obviously comes to mind. Even if global warming were not a concern, pollution by companies dealing with fossil fuels has been a reality long before Rachel Carson's Silent Spring
The oil companies of course are not alone. Over this past weekend, ads have been appearing for Clean Coal. As it happens, there currently is no such thing as clean coal. If one tweaks definitions and ignores how much cleaner natural gas and even light sweet crude are (not to mention solar and wind energy), there is such a thing as cleaner
coal—barely. And there is a potential, at considerable expense, for perhaps sequestering the carbon dioxide and other pollutants put out by coal. But coal is the dirtiest fuel there is. Here's what Greenpeace
“Clean coal” is the industry’s attempt to “clean up” its dirty image – the industry’s greenwash buzzword. It is not a new type of coal.
“Clean coal” technology (CCT) refers to technologies intended to reduce pollution. But no coal-fired power plants are truly ‘clean’.
“Clean coal” methods only move pollutants from one waste stream to another which are then still released into the environment. Any time coal is burnt, contaminants are released and they have to go somewhere. They can be released via the fly ash, the gaseous air emissions, water outflow or the ash left at the bottom after burning. Ultimately, they still end up polluting the environment.
The article continues on making other points against clean coal. Ah, yes, Greenpeace is that leftist whale-hugging environmental group. So, what does a moderate-conservative magazine like Time
If you paid any attention to last year's Presidential campaign, you'll remember ads touting the benefits of "clean coal" power, sponsored by the industry group American Coalition for Clean Coal Electricity. (The ads featured lumps of coal plugged into an electrical cord.) Designed in part to respond to the growing green campaign against coal power — which accounts for about 30% of U.S. carbon emissions — the ads promised high-tech and eventually carbon-free power, emphasizing coal's low cost compared to alternatives, its abundance in America and its cleanliness.
The "clean coal" campaign was always more PR than reality — currently there's no economical way to capture and sequester carbon emissions from coal, and many experts doubt there ever will be. But now the idea of clean coal might be truly dead, buried beneath the 1.1 billion gallons of water mixed with toxic coal ash that on Dec. 22 burst through a dike next to the Kingston coal plant in the Tennessee Valley and blanketed several hundred acres of land, destroying nearby houses. The accident — which released 100 times more waste than the Exxon Valdez disaster — has polluted the waterways of Harriman, Tenn., with potentially dangerous levels of toxic metals like arsenic and mercury, and left much of the town uninhabitable.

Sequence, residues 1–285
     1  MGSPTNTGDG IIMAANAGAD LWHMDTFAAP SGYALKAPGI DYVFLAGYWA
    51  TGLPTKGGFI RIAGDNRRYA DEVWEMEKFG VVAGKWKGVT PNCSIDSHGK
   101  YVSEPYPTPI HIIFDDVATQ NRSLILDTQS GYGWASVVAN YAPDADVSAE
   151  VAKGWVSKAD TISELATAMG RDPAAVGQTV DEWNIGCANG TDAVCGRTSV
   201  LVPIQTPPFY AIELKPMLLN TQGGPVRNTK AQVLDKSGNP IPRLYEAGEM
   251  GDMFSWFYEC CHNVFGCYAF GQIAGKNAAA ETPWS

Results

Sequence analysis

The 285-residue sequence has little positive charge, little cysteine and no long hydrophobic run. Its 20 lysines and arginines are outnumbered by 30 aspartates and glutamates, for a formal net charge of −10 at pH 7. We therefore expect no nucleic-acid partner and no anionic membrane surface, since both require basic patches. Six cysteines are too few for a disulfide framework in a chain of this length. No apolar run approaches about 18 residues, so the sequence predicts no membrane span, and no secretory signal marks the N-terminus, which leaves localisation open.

I guess the coal industry didn't place enough ads in Time. I shouldn't be sarcastic though. Coal has a friend in oil and it might not be much to ask for Exxon or Aramco to buy a major share of Time Warner.
I started this post by mentioning China. When people talk about limiting coal by turning to alternative energy, the cynics point to China. How will China's use of coal be limited? The statistics, in fact, are grim. According to Worldwatch
, China's consumption of coal has more than doubled in the last nine years and now exceeds that of the United States.
I suspect, however, that the more the U.S. switches to green technology, the more China and other developing economies will follow. There are signs that this may already be happening. Unlike many members of Congress, the Chinese leadership seems aware that the age of abundant fossil fuels is coming to an end sooner than expected. We will continue to use fossil fuels for some years to come. It's unavoidable because of the time it will take to build an infrastructure based on alternative energies. But, if we're smart, healthy change will come, though not without troubles that we have already set in motion. If we continue to blunder and put off what needs to be done, we will undoubtedly face catastrophes we cannot fully appreciate at this time.
In the end, much will depends on the American people and how much they're truly paying attention. For now, I keep thinking of those pipelines and how much work it takes to keep them functional. I saw a program recently on the Monterey Aquarium in California. The aquarium brings in sea water by pipeline from Monterey Bay. It takes work to keep things from growing at the entrance to the pipeline as well as inside its walls. Is this relevant? It depends. The world's population exceeds 6.6 billion people and water is another resource that is getting scarce as populations increase and as many areas of the world turn into desert from overuse. Where will future water come from? From the sea through desalination?
In California, such a desalination facility has opened in Carlsbad, a city a few miles north of San Diego. Such facilities will need pipelines and they too will have to take environmental concerns into consideration if we are to avoid even further problems. Even green technology is going to require careful environmental thinking—but the promise of green technology is real.
And the alternative, as we are finding, has probably already set in motion catastrophes that will take enormous resilience and resourcefulness to overcome. It is only the year 2009 and the tasks for the rest of the 21st century are already difficult. Today, the task immediately at hand is to avoid making the problems insurmountable. A small step in that direction is making sure green technology is green.
Labels: American Crisis, China, energy, environment